Heizō Takenaka

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Heizō Takenaka
竹中 平蔵
Minister for Internal Affairs and Communications
In office
31 October 2005 – 26 September 2006
Prime MinisterJunichiro Koizumi
Preceded byTarō Asō
Succeeded byYoshihide Suga
Minister of State for Financial Services
In office
Prime MinisterJunichiro Koizumi
Preceded byHakuo Yanagisawa
Succeeded byTatsuya Ito
Personal details
Born (1951-03-03) March 3, 1951 (age 72)
Wakayama, Japan
Alma materHitotsubashi University
Third Realigned Koizumi Cabinet
SecretaryShinzō Abe
Internal AffairsHeizō Takenaka
JusticeSeiken Sugiura
Foreign AffairsTaro Aso
FinanceSadakazu Tanigaki
EducationKenji Kosaka
HealthJirō Kawasaki
AgricultureShoichi Nakagawa
EconomyToshihiro Nikai
LandKazuo Kitagawa
EnvironmentYuriko Koike
DefenseFukushiro Nukaga
Ministers of State

Heizō Takenaka (竹中 平蔵, Takenaka Heizō, born 3 March 1951) is a Japanese economist, retired politician, and political activist last serving as Minister of Internal Affairs and Communications and Minister of State for Privatization of the Postal Services in the cabinet of Prime Minister Junichiro Koizumi. As of July 2007, he is a professor at Keio University and an advisor for other academic institutions and companies.

Academic life[edit]

Takenaka was the second son of a shoe seller in Wakayama City. He attended Hitotsubashi University to study under Ichiro Nakayama and graduated with a BA in Economics in 1973. While at Hitotsubashi, he played the mandolin, and met his wife (a student at Tsuda College) through his mandolin club.

In 1973, Takenaka entered the Development Bank of Japan. He was transferred into its Institute for Capital Investment Studies in 1977.

In 1981, he left the DBJ to study for a year at Harvard University and the University of Pennsylvania, where he researched capital investment in the United States. The product of his research, the 1984 book Development Studies and Capital Expenditure Economics, won the Suntory Liberal Arts Prize.

Takenaka then worked in the Ministry of Finance as a money supply researcher. He initially planned to stay for two years, but ended up working there for five years, from 1982 to 1987.

He later completed his Ph.D. at Osaka University. He taught as an associate professor at Osaka (1987–89) and Harvard (1989–90), and received tenure in the Faculty of Policy Management of Keio University SFC (Shonan Fujisawa Campus).

Political life[edit]

Heizō Takenaka, 2008.
World Economic Forum Annual Meeting (January 28, 2009. Davos)

Takenaka was picked by Koizumi to become the Minister of State for Economic and Fiscal Policy in 2001. In this capacity, Takenaka has become one of the most prominent voices in the ongoing debate over the privatization and breakup of Japan Post.[1]

In 2002 he became Minister of State for Financial Services as well. In this capacity he was the author of the Takenaka Plan, which successfully tackled Japan's banking crisis. One of his biggest accomplishments was to change attitudes within the financial industry, including auditors who had previously rubber-stamped bank earnings reports that understated the size of bad loans. A turning point came in May 2003, when auditors refused to approve the earnings statement of Resona Bank (see Resona Holdings), forcing the bank to seek a $17 billion bailout from the Japanese government.[2]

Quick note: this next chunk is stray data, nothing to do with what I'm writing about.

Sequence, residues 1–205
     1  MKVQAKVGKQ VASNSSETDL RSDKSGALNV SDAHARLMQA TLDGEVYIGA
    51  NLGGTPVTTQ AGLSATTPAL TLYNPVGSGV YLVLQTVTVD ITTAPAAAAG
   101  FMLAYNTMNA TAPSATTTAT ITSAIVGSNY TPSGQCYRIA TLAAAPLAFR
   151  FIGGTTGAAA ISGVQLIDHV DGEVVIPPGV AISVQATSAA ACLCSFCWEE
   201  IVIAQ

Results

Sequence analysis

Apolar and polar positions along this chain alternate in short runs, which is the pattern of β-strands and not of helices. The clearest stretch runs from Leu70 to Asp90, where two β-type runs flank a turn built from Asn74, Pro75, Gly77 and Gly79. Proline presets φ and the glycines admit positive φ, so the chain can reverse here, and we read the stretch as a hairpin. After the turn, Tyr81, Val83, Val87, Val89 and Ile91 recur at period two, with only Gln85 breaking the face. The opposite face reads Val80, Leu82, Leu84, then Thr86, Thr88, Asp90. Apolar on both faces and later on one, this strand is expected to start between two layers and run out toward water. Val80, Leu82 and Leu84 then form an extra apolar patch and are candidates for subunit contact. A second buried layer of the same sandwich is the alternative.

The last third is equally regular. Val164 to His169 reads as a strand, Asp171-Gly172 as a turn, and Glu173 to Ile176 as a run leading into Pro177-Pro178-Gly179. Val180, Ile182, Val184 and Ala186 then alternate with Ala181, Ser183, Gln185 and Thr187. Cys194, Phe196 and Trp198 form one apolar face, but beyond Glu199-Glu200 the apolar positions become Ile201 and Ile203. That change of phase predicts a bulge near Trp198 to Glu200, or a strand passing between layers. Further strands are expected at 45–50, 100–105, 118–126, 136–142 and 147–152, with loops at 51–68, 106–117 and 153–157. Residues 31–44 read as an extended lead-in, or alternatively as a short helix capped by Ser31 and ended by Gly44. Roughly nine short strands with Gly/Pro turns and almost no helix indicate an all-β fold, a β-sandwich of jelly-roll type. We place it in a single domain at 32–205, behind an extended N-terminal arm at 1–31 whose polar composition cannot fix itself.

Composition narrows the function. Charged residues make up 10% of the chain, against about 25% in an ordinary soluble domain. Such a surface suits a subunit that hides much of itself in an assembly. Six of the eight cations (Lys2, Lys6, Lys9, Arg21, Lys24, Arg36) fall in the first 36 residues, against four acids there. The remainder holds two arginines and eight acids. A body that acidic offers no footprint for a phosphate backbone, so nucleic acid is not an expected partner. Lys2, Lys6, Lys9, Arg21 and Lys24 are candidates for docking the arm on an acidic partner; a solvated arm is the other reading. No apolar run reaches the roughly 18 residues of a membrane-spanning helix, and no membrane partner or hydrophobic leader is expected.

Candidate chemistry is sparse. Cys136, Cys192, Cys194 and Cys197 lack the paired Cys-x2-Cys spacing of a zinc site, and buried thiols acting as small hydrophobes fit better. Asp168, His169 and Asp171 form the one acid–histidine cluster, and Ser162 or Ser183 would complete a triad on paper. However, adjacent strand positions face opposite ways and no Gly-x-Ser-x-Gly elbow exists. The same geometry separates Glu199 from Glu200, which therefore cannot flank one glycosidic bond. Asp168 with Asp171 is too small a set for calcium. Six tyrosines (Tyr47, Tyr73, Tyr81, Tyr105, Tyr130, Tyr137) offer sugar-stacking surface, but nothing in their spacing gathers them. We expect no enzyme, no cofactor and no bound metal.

Takenaka won his first election in 2004 and held a proportional representation seat in the House of Councillors.

After Koizumi's Liberal Democratic Party crushing victory in the 2005 General Election, Takenaka assumed his last position as Minister of Internal Affairs and Communications, in charge of Japan Post privatization.

He further attempted to privatize the national public broadcaster NHK but Koizumi did not agree and the attempt was stalled. On 15 September 2005, he announced his retirement from politics. On 28 September his resignation from the House of Councillors was permitted. On 29 September, he submitted a resignation letter to the Liberal Democratic Party, which was agreed on 11 November. On the same day his return to Keio University was disclosed.[3] Now, he is the Chairman of Pasona[4] facing multiple unethical business conducts over the Tokyo Olympics games.[5][6]


  1. ^ "Japan Takes on Challenges of Structural Reforms", in: Frank-Jürgen Richter and Pamela Mar: Recreating Asia, New York: John Wiley, 2002.
  2. ^ Fackler, Martin (August 6, 2003). "Unlikely Team Sets Banking in Japan on Road to Reform". The Wall Street Journal. Retrieved July 27, 2019.
  3. ^ ja:竹中平蔵#経歴 as of 15:28, 14 June 2007
  4. ^ "Outline | PASONA GROUP".
  5. ^ "竹中平蔵「パソナ」の純利益が前年の10倍以上、営業利益も過去最高に! 東京五輪と政府のコロナ対策事業を大量受注、巨額中抜きの結果か". 本と雑誌のニュースサイト/リテラ. Retrieved 2021-06-02.
  6. ^ "「東京五輪の日当は35万円」 国会で暴露された東急エージェンシー、パソナへの"厚遇"〈dot.〉(AERA dot.)". Yahoo!ニュース (in Japanese). Retrieved 2021-06-02.

External links[edit]

Political offices
Preceded by Minister of State for Economic and Fiscal Policy of Japan
Succeeded by
Preceded by Minister of State for Financial Services of Japan
Succeeded by
Preceded by Minister of Internal Affairs and Communications of Japan
Succeeded by
Business positions
New title Chairman of Pasona Group Inc.